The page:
One of the most sophisticated agent-based models is the University of Pittsburgh’s system, known as FRED (a Framework for Reconstructing Epidemiological Dynamics). It fits population census data to maps of geographical regions around the country, allowing researchers to track virtual individuals in the area in a realistic way. It was data from these models that helped to convince Pan and his fellow state senators to pass legislation on mandatory vaccination. The FRED team is now beginning to use the system for opioid modeling, training it on historical trends. Pan, who is also a physician, says he is intrigued by the prospect. “If there’s a way to actually model in different communities which factors would have the biggest impact, that would be helpful,” he says.
The models face numerous challenges before they will be ready for widespread adoption, primarily data gaps. Marshall says that researchers struggle to get access to data on opioid prescriptions that are held by manufacturers, pharmacies and law-enforcement agencies. It is also difficult to obtain government information on drug cartels and the type and rate of drugs flowing into the country. Other data simply do not exist in usable form: agencies may record deaths from drug overdose, for instance, but fail to specify which drug was responsible.
Observing drug users such as Brandi can provide certain types of information more quickly and accurately. “Drug users know their chemicals intimately,” Ciccarone says.
Lee Hoffer, a cultural anthropologist at Case Western Reserve University, studies heroin markets and collaborates with Bobashev. He says that the ethnographic data that his group and others are collecting could help fill some of the information gaps: “We’re trying to enter their world as interlopers to see how they see their life.” After an initial awkward period, he notes, drug users tend to become more honest with the researchers, telling them crucial information such as how they form networks with dealers and the cost of drugs.
Understanding the psychology of drug users is also crucial, Epstein says. Most decision-making models assume rational behaviors. In reality, emotions, misinformation and irrational calculations play a major part. “When you put them together, you get collections of dynamics that are very dysfunctional.”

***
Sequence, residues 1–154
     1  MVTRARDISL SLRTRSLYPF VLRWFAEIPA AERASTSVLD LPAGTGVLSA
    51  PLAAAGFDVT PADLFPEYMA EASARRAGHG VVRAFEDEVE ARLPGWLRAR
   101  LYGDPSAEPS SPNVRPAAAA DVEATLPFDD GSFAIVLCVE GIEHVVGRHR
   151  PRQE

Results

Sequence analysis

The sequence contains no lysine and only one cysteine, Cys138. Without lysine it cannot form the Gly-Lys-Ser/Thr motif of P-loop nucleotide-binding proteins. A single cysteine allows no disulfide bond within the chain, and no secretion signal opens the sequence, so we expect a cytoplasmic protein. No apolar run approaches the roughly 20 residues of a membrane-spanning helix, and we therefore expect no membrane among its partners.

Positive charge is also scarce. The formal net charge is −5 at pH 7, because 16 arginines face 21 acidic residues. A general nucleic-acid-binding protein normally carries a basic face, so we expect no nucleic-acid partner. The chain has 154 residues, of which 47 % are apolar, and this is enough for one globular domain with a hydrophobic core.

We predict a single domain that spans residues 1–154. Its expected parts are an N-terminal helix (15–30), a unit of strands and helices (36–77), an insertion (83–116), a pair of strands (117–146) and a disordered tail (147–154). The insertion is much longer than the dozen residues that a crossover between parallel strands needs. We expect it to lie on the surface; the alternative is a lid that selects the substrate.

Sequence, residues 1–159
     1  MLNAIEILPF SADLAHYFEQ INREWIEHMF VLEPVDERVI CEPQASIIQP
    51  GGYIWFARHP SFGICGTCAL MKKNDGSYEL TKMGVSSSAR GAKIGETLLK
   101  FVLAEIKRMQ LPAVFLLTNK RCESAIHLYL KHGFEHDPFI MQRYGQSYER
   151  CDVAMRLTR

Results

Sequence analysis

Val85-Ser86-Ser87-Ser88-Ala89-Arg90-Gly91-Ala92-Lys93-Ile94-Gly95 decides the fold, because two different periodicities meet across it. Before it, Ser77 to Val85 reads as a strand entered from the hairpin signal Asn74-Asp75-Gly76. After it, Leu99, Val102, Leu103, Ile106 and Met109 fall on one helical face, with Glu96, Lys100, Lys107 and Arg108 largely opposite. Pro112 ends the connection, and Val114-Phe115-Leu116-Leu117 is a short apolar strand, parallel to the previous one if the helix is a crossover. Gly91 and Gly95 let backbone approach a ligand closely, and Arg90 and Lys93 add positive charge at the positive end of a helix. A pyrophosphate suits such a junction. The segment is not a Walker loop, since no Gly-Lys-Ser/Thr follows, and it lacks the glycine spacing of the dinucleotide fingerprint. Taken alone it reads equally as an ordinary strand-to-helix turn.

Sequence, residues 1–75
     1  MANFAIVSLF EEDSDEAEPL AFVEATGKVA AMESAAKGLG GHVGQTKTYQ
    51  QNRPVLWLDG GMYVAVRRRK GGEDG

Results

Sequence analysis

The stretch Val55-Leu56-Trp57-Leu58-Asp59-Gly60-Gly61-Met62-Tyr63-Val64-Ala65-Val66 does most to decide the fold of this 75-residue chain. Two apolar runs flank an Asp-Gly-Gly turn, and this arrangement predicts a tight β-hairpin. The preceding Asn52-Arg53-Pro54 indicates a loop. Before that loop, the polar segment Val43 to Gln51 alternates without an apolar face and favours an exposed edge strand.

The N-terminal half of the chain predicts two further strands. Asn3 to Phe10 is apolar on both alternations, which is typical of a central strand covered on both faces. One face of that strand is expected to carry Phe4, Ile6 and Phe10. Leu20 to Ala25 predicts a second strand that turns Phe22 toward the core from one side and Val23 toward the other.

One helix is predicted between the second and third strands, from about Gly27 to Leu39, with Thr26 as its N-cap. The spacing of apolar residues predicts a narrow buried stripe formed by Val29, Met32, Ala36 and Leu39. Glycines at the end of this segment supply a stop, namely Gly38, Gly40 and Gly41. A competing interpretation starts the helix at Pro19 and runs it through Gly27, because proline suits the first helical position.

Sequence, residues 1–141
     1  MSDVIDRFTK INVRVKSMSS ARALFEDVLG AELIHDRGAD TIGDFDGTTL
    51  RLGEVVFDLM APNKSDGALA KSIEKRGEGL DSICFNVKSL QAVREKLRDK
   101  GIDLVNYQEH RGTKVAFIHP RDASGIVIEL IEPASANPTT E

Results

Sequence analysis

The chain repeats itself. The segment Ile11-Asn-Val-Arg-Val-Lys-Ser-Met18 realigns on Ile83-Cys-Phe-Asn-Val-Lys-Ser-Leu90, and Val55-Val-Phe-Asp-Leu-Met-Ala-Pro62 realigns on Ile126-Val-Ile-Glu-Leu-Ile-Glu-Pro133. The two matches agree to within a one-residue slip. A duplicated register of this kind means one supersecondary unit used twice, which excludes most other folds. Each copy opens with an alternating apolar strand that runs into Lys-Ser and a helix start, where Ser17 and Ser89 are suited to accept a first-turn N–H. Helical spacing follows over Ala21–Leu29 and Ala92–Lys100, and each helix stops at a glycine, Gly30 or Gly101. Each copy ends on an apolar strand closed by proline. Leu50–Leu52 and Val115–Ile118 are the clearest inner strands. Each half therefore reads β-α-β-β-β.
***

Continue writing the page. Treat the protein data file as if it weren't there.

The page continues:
Epidemiological data may soon be available to buttress the models. The CDC and the National Institute on Drug Abuse have started several major surveys of drug-use patterns. A number of states have also begun collecting epidemiological information on trends in overdose and addiction. And research groups such as the University of Pittsburgh team are working with multiple health agencies to collate their findings in a single database, which can inform FRED and other models.
But no matter how advanced the models become, implementing interventions based on their findings is an enormous challenge. Models may reveal socioeconomic contributors that cannot be easily addressed by policies, and politics can stand in the way of proven solutions. In April, Ciccarone had to cancel his work in Charleston, at least for the time being, after a needle-exchange clinic with which he had been collaborating closed because of political pressure. “They were seeing 300 people on a Wednesday afternoon because there’s a lot of need,” he says. “It’s a huge loss.”
Increasing work is being done to determine the relative impact of interventions. In April the National Institutes of Health announced $96 million for a program that will partner with health care systems and local governments to carry out evidence-based public health interventions in different locations, evaluating them as they go. “This is the first time this [has been] done for a particular substance-abuse disorder,” Volkow says. The NIH is now asking researchers who want to apply for these funds to justify the size and scope of their proposed studies with data from models, including agent-based models.
But these studies are certain to take many years to complete. And Bobashev says that society cannot afford to wait for the science to be perfect: “By the time this data is collected, tens of thousands, if not hundreds of thousands, more deaths will have occurred.”